It’s only fitting that the first posthumous biography of the great American filmmaker Robert Altman would resemble an unruly party. The voices that echo, compete with, and contradict each other in Mitchell Zuckoff’s oral biography at times recall that harmonious cacophony of overlapping voices that, with a debt to Orson Welles, Howard Hawks, and Preston Sturges, Altman raised to its most felicitous — and to some, frustrating — degree in his own films.
Zuckoff, a journalism professor at Boston University, had been collaborating with Altman on a book when the director died from complications of cancer in November 2006 at age 81. Altman had wanted the book to concentrate on his work. Understandably protective of both himself and his family, Altman wanted, Zuckoff says, to avoid any potentially embarrassing stories.
The problem, as Zuckoff writes in his introduction, was that the director — much to his credit, I’d say — was willing to talk about his methods but not given to analysis of his work. (I once heard Altman say that DVD commentaries reduced a filmmaker to a real-estate agent guiding potential buyers through a property, pointing out what anyone with eyes can see for themselves.) After Altman’s death, with the blessing of the director’s widow, Kathryn Reed Altman, Zuckoff enlarged the scope of the book so that Altman’s life would be considered alongside his work. And since the finished book reveals a man for whom work was close to everything, there seems, no matter the shortcomings of the finished project, no other way to talk about his life except through his work.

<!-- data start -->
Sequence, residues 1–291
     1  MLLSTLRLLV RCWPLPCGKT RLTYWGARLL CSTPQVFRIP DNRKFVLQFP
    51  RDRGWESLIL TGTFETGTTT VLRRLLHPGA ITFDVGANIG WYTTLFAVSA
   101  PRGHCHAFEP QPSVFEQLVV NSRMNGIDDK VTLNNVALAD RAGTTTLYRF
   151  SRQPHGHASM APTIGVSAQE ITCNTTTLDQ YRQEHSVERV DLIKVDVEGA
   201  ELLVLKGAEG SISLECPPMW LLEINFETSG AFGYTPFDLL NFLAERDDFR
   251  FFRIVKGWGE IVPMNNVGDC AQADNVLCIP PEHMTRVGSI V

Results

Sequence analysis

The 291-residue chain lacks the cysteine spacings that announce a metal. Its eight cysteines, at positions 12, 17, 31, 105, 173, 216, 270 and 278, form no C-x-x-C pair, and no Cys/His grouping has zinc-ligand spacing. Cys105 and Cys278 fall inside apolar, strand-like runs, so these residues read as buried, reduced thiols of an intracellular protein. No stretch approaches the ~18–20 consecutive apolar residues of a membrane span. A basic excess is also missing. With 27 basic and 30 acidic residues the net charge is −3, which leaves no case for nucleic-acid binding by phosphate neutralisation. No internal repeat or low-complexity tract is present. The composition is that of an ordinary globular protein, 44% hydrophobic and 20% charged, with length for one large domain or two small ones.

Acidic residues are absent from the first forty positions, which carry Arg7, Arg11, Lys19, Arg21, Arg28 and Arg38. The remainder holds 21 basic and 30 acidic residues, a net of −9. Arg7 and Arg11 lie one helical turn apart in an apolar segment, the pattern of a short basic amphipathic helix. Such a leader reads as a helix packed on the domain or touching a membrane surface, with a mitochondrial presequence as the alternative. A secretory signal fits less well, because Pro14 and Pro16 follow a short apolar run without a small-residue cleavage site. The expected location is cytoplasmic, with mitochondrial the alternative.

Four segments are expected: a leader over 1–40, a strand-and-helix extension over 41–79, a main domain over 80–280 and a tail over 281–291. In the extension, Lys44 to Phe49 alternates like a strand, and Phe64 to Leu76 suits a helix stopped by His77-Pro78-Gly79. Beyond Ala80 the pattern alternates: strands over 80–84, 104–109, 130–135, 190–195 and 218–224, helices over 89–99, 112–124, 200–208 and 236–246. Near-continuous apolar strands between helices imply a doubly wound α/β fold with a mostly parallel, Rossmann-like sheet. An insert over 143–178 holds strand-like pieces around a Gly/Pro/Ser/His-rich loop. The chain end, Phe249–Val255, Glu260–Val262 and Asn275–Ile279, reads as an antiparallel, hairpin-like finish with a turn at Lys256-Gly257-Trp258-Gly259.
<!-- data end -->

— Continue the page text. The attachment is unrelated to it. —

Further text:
With a few demurrals here and there, and whether the speaker loved Altman or loathed him, the picture that emerges is pretty consistent: A bearish man who inherited his father’s love of gambling and women; an artist who did not take kindly to fools, (epitomized, to Altman, by the producers and studio executives who wanted to screw with his movies); a man who consistently lived beyond his means; a copious drinker, which didn’t always make for the most pleasant personality, and a dedicated pot smoker, which seemed to make him more pleasant company; someone fiercely loyal to the people who worked with him and quick to feel wounded when the loyalty wasn’t returned.
“No filmmaker has gotten a better shake than I have,” Altman told the audience at the Academy Awards when he was given a Lifetime Achievement Oscar seven months before he died in 2006. Zuckoff makes a convincing case why that statement, expressed in the good, plain American slang suitable to a profoundly American artist, is true, so free of the self-pity it is (often understandably) easy for artists to slip into.
It’s always hard for a director who chooses to go against the conventional way of doing things. Altman, who often used the press to call out the very bigwigs he was in the process of working with, was a man with a talent for being able to make his tricky position frequently trickier. His talent was clear from his beginnings making industrial films in his native Kansas City and later directing episodes of Bonanza and Combat, but Zuckoff reveals that his reputation for insisting on working his way often kept him from getting jobs. After nearly twenty years in the business, his breakthrough came in 1970 with M*A*S*H, and Altman got to direct it because 15 or 16 other filmmakers had turned it down. He would never have as big a hit. But he got something better: control.